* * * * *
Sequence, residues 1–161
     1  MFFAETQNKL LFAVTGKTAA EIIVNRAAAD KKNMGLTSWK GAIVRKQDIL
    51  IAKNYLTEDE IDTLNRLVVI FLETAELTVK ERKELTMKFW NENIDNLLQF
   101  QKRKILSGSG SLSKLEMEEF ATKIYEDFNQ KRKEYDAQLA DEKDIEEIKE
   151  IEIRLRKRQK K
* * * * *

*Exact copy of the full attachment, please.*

Sequence, residues 1–161
     1  MFFAETQNKL LFAVTGKTAA EIIVNRAAAD KKNMGLTSWK GAIVRKQDIL
    51  IAKNYLTEDE IDTLNRLVVI FLETAELTVK ERKELTMKFW NENIDNLLQF
   101  QKRKILSGSG SLSKLEMEEF ATKIYEDFNQ KRKEYDAQLA DEKDIEEIKE
   151  IEIRLRKRQK K